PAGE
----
“La Vanguardia”, Spain: “Xi Jinping has just achieved a great deal with the until recently unimaginable rapprochement between Iran and Saudi Arabia. He began a three-day visit to Moscow yesterday to try something much more difficult, namely to facilitate peace in Ukraine. China’s President is the closest candidate to mediation because of his superiority over Vladimir Putin, as Russia desperately needs China right now, and unlike other mediators who are not recognized by either party, the Ukrainian government has already awaited a meeting with Xi asked.
The positions of both sides are still far apart and an agreement seems like a utopia. Russia wants to keep the annexed areas of Donbass, Cherson and Zaporizhia, Kiev wants them back. Putin has few options and the road to peace will only be possible with the help of Xi Jinping. Certainly the time for an agreement has not yet come, but it seems clear that the Chinese president will be a key figure when it comes to that. His influence in the world is increasing.”
“Frankfurter Allgemeine Zeitung”, Germany: “…China [hat] no interest in … Russia losing the war. That would give the West, most notably the United States, more leeway in its increasingly global rivalry with Beijing. It would also be bad for Xi if Putin’s system failed, because that would be a widely visible setback for the authoritarian model of rule to which he is also committed. After all, the People’s Republic is an economic beneficiary of the new geopolitical circumstances because it not only has cheap access to Russian oil, but can also increase exports to the neighboring country at a time when trade relations with the West are becoming more difficult. In short, Xi has good reasons for fostering friendship with Putin, but few for acting as a neutral mediator between Moscow and Kyiv….”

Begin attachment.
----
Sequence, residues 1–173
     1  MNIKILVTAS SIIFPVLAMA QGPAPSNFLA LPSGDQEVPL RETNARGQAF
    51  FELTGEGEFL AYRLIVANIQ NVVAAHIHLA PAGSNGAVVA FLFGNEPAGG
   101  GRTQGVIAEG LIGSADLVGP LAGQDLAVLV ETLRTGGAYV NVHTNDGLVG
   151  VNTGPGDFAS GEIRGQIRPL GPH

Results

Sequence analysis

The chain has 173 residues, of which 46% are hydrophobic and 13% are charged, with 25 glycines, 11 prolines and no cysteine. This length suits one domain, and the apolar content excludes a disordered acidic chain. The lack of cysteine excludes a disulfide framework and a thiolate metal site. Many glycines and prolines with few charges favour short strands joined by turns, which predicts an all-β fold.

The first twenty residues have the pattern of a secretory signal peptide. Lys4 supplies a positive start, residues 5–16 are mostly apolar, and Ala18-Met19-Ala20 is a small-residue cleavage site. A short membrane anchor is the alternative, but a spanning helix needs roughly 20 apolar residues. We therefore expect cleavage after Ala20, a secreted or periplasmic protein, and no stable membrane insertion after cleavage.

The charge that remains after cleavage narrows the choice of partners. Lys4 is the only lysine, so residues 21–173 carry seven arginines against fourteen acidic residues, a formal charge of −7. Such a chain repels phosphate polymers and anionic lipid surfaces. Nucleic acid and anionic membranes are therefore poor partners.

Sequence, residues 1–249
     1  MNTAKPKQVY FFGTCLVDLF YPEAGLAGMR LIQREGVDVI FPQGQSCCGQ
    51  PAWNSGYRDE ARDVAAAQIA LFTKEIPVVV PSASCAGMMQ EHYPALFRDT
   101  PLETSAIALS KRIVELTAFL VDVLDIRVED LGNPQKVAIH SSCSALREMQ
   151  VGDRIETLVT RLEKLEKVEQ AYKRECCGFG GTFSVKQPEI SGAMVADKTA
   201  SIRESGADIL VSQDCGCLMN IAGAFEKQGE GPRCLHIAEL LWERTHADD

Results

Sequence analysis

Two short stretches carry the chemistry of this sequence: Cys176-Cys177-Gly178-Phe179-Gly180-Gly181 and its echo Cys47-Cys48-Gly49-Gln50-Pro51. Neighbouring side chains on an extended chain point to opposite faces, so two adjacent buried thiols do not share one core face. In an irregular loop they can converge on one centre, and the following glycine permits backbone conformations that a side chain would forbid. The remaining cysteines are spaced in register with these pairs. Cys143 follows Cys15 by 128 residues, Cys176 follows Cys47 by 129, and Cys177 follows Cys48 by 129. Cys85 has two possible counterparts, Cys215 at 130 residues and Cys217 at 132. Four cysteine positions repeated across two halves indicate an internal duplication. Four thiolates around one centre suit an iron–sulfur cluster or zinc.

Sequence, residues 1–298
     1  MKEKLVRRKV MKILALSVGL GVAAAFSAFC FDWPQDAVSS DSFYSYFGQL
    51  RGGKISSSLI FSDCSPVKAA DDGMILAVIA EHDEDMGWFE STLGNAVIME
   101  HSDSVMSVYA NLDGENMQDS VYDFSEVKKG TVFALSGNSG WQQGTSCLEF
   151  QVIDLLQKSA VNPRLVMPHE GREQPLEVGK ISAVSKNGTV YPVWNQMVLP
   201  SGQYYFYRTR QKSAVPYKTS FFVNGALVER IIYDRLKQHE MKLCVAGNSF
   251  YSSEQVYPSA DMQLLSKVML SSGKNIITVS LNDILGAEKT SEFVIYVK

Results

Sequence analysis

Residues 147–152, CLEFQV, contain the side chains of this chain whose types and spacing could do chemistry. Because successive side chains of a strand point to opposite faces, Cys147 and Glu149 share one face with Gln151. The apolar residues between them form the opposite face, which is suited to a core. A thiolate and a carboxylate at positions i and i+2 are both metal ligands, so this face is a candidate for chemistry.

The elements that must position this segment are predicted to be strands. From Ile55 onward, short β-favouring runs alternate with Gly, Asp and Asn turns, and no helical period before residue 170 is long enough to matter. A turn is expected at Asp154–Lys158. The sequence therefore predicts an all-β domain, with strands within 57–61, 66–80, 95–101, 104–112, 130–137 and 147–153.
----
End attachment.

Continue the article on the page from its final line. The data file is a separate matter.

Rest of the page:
“Augsburger Allgemeine”, Germany: “Moscow and Beijing are collaborating against the United States. But China is cleverly exploiting Russia’s weak position for itself. It obtains cheap oil and gas, which Russia can no longer get rid of in Europe because of the sanctions. It supplies cars, chips and commercial Drones to Russia, which can also be used by the military The Kremlin sees the meeting as a sign of strength against the West, but Putin fails to see how much he is currying favor with Beijing.
“Magyar Nemzet”, Hungary: “The Russian-Chinese rapprochement, which at the time of the Cold War still faced serious differences, encompasses a landmass that stretches from the Baltic States to the Pacific Ocean and Korea. If you add (Moscow-friendly) Iran, you have two nuclear powers yet a potential third Is that good for the world Not sure, but Ukraine-crazy Europe eliminated itself to have a say in these transformations.
The British, the French and the Germans each show signs of crisis in different ways. The other European countries – at least in terms of global politics – do not fatten the herb. Bad times are coming for those who believe that the world only stretches from Los Angeles to Slovakia, which is already supplying fighter jets to the Ukrainians.”
I have been working in the news industry for over 6 years, first as a reporter and now as an editor. I have covered politics extensively, and my work has appeared in major newspapers and online news outlets around the world. In addition to my writing, I also contribute regularly to 24 Hours World.